lengthm(use only the pastmmonths of data at each time step). In both cases, I estimate

equation (1.1) in the estimation period, compute the squared prediction error over the next

period and increment my time step. An expanding window uses more available data, while

a rolling window better accounts for potential time variation in the predictive relationship.

I consider windows of length 120 months and 180 months to estimate betas, and predict the

return in the next period. The p-values are from the Clark and West (2007) adjusted-MSPE

statistic:

ft+1 = (rt+1−rt+1)2−

(rt+1−brt+1) 2(r

t+1−rbt+1) 2

which is regressed against a constant and the test is a one-sided test of whether R2OS >0.

Table 1.6 shows the results from the out-of-sample analysis. With the exception of 1 month

horizon rolling 10 year window regressions, all other combinations of forecast horizons and

methods give large, positive, and significant out-of-sampleR2 values. The pattern of R2 as

we increase the forecast horizon are similar between rolling and expanding methods. Goyal

and Welch (2008) find that for predictors such as the price-dividend ratio, the predictive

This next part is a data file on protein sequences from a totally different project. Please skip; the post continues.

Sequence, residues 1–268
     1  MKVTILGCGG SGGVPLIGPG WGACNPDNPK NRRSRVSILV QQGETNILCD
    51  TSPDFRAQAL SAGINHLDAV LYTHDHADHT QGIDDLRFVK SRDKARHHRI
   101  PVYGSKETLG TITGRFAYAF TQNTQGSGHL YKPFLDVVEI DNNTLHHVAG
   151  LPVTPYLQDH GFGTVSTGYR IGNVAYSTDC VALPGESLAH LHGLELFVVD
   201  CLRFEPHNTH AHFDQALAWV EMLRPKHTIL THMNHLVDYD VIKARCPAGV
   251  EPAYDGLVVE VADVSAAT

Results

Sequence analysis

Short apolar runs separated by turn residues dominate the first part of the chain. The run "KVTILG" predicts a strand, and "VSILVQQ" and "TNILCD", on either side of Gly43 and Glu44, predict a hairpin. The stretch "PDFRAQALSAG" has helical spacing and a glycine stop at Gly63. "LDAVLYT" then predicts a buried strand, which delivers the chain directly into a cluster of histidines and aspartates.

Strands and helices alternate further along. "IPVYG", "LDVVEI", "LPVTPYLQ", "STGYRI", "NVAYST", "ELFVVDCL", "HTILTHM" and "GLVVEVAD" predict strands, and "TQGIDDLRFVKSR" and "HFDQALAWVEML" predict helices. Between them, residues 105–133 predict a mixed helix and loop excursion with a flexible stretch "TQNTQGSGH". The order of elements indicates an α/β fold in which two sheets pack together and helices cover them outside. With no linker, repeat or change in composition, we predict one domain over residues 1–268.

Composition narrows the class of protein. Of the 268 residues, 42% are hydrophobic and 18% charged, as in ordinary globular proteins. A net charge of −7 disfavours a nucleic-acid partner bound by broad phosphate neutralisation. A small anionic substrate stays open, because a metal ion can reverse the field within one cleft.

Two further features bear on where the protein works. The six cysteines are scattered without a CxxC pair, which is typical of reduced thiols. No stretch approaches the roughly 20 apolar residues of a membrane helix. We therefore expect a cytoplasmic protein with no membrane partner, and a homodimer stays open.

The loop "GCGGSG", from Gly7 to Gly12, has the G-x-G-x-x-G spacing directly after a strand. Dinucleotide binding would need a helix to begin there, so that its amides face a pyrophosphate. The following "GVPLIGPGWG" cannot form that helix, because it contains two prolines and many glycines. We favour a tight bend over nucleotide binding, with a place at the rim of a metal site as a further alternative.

ability is diminished in out-of-sample tests. For GP, the out-of-sample R2 are significantly

greater than zero and similar to the in-sample R2. Figure 1.3 shows the estimated slopes

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windows for 2 year-ahead predictive regressions. We see that the estimates are stable, never

change signs, and are statistically significant in nearly all sub-samples. For comparison,

Figure 1.4 plots the same sub-sample betas for logP D. We see a lot of variation in the

estimated coefficients with numerous sign changes and weak statistical significance in

sub-samples (95% intervals straddle zero). The evidence suggests return predictability by GP

is robust both out-of-sample and over sub-samples. In Appendix A.1.1, I show that GP

is robust to finite-sample bias (Stambaugh (1999)) and size distortions (Torous, Valkanov,

and Yan (2004)). In Appendix A.1.2, I show that realized utility gains are high for

mean-variance investors using GP for portfolio allocation.

Gold and platinum are globally traded assets. This suggests that GP should also predict

future stock returns in international markets. I run the same predictive regressions as in